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Agricultural trade in North America: Trade creation, regionalism and regionalisation

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  • Dragan Miljkovic
  • Rodney Paul

Abstract

Trade creation in agricultural products is defined as a statistically significant positive break in the trend function of the growth in exports and imports between member countries. The present study attempts to determine the time of any break in the trend of real exports and imports between the Canada-USA Free Trade Agreement (CUSTA) and the North American Free Trade Agreement (NAFTA) member countries for the years 1980:I through 1999:II, and document the scale of the phenomenon. The present study finds trade creation only occurs in USA agricultural exports to Canada because of CUSTA. The results confirm the theory that the regionalism of NAFTA did not lead to regionalisation or an increasing share of intraregional international trade. Copyright Australian Agricultural and Resource Economics Society Inc. and Blackwell Publishing Ltd 2003.

Suggested Citation

  • Dragan Miljkovic & Rodney Paul, 2003. "Agricultural trade in North America: Trade creation, regionalism and regionalisation," Australian Journal of Agricultural and Resource Economics, Australian Agricultural and Resource Economics Society, vol. 47(3), pages 349-366, September.
  • Handle: RePEc:bla:ajarec:v:47:y:2003:i:3:p:349-366
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    References listed on IDEAS

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    1. John Y. Campbell & Pierre Perron, 1991. "Pitfalls and Opportunities: What Macroeconomists Should Know About Unit Roots," NBER Chapters,in: NBER Macroeconomics Annual 1991, Volume 6, pages 141-220 National Bureau of Economic Research, Inc.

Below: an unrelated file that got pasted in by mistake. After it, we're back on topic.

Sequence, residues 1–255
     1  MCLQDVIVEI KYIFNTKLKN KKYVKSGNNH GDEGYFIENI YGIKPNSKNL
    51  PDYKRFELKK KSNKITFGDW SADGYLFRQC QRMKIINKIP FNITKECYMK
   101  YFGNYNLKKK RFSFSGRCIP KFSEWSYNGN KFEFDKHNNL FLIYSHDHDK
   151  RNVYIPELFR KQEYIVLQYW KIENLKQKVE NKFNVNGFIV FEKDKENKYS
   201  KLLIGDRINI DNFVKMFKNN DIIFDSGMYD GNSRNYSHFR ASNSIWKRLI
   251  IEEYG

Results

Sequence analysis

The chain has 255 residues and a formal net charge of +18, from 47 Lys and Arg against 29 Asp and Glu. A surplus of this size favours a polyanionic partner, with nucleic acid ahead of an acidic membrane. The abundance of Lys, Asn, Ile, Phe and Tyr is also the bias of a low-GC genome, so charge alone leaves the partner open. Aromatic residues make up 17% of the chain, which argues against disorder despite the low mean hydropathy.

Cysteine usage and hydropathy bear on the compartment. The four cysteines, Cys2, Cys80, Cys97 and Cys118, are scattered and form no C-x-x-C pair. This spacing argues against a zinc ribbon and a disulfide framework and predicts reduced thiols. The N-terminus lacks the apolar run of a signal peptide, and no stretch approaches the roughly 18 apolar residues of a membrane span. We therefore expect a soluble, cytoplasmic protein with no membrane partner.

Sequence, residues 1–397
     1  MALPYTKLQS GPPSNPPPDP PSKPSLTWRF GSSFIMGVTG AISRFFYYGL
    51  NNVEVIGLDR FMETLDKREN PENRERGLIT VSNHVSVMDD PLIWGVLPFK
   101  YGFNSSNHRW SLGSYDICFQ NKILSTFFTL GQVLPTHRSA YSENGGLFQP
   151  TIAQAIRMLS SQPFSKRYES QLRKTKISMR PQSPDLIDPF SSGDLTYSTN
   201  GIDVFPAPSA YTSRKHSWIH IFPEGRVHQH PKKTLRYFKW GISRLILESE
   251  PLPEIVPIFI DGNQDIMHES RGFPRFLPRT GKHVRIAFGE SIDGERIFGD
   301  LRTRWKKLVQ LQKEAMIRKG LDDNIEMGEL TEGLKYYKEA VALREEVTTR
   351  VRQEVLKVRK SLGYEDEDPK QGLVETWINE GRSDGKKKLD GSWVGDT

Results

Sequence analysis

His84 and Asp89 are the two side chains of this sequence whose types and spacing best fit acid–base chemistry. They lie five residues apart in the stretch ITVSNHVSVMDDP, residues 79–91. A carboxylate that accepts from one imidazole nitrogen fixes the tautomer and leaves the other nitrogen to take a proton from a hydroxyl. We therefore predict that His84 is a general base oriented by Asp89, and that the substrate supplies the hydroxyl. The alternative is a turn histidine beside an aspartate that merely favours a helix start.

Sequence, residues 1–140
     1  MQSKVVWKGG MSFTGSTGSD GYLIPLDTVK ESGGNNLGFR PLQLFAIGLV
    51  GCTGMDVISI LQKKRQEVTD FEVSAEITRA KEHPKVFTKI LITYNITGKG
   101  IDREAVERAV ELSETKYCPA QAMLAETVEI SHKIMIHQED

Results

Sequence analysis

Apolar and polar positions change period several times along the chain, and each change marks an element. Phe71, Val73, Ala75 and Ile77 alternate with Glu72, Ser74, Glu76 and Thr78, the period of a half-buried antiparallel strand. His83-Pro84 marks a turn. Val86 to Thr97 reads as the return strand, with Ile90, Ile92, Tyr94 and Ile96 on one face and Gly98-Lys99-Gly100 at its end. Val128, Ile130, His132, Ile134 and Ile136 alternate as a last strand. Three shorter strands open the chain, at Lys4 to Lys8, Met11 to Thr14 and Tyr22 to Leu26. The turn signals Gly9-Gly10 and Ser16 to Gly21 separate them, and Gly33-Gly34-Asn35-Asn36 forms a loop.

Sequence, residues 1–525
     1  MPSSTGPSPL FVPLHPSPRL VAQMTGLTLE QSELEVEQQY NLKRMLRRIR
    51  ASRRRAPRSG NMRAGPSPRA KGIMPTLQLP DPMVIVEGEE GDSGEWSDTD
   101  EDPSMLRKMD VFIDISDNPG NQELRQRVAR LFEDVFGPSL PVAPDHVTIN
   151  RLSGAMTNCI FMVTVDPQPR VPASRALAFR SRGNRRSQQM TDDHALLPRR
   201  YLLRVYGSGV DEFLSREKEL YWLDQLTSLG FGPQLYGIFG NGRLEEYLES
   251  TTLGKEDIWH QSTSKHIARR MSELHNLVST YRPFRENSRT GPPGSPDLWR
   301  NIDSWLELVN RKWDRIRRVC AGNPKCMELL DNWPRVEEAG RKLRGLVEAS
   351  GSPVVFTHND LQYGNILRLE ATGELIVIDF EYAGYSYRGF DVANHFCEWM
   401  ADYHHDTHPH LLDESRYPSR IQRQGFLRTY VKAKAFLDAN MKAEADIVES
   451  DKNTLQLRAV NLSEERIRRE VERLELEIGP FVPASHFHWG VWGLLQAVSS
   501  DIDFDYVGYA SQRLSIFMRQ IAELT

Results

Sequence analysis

2. Wonnacott, Ronald J, 1996. "Free-Trade Agreements: For Better or Worse?," American Economic Review, American Economic Association, vol. 86(2), pages 62-66, May.
    3. Perron, Pierre, 1997. "Further evidence on breaking trend functions in macroeconomic variables," Journal of Econometrics, Elsevier, vol. 80(2), pages 355-385, October.
    4. Levy, Philip I, 1997. "A Political-Economic Analysis of Free-Trade Agreements," American Economic Review, American Economic Association, vol. 87(4), pages 506-519, September.
    5. Kala Krishna & Anne Krueger, 1995. "Implementing Free Trade Areas: Rules of Origin and Hidden Protection," NBER Working Papers 4983, National Bureau of Economic Research, Inc.
    6. Vogelsang, Timothy J., 1997. "Wald-Type Tests for Detecting Breaks in the Trend Function of a Dynamic Time Series," Econometric Theory, Cambridge University Press, vol. 13(06), pages 818-848, December.
    7. Frankel, Jeffrey & Stein, Ernesto & Wei, Shang-jin, 1995. "Trading blocs and the Americas: The natural, the unnatural, and the super-natural," Journal of Development Economics, Elsevier, vol. 47(1), pages 61-95, June.
    8. Findlay, Christopher C., 2002. "Walking and chewing gum at the same time: Australia’s free trade area strategy," Australian Journal of Agricultural and Resource Economics, Australian Agricultural and Resource Economics Society, vol. 46(4), December.
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    Cited by:

    1. Miljkovic, Dragan & Jin, Hyun J. & Paul, Rodney, 2008. "The role of productivity growth and farmers' income protection policies in the decline of relative farm prices in the United States," Journal of Policy Modeling, Elsevier, vol. 30(5), pages 873-885.
    2. Malhotra Nisha & Rus Horatiu & Kassam Shinan, 2008. "Antidumping Duties in the Agriculture Sector: Trade Restricting or Trade Deflecting?," Global Economy Journal, De Gruyter, vol. 8(2), pages 1-19, June.
    3. Susanto, Dwi & Rosson, C. Parr, III & Adcock, Flynn J., 2006. "Trade Creation and Trade Diversion in the North American Free Trade Agreement: The Case of Agricultural Sector," 2006 Annual meeting, July 23-26, Long Beach, CA 21357, American Agricultural Economics Association (New Name 2008: Agricultural and Applied Economics Association).
    4. Dragan Miljkovic, 2009. "US and Canadian livestock prices: market integration and trade dependence," Applied Economics, Taylor & Francis Journals, vol. 41(2), pages 183-193.

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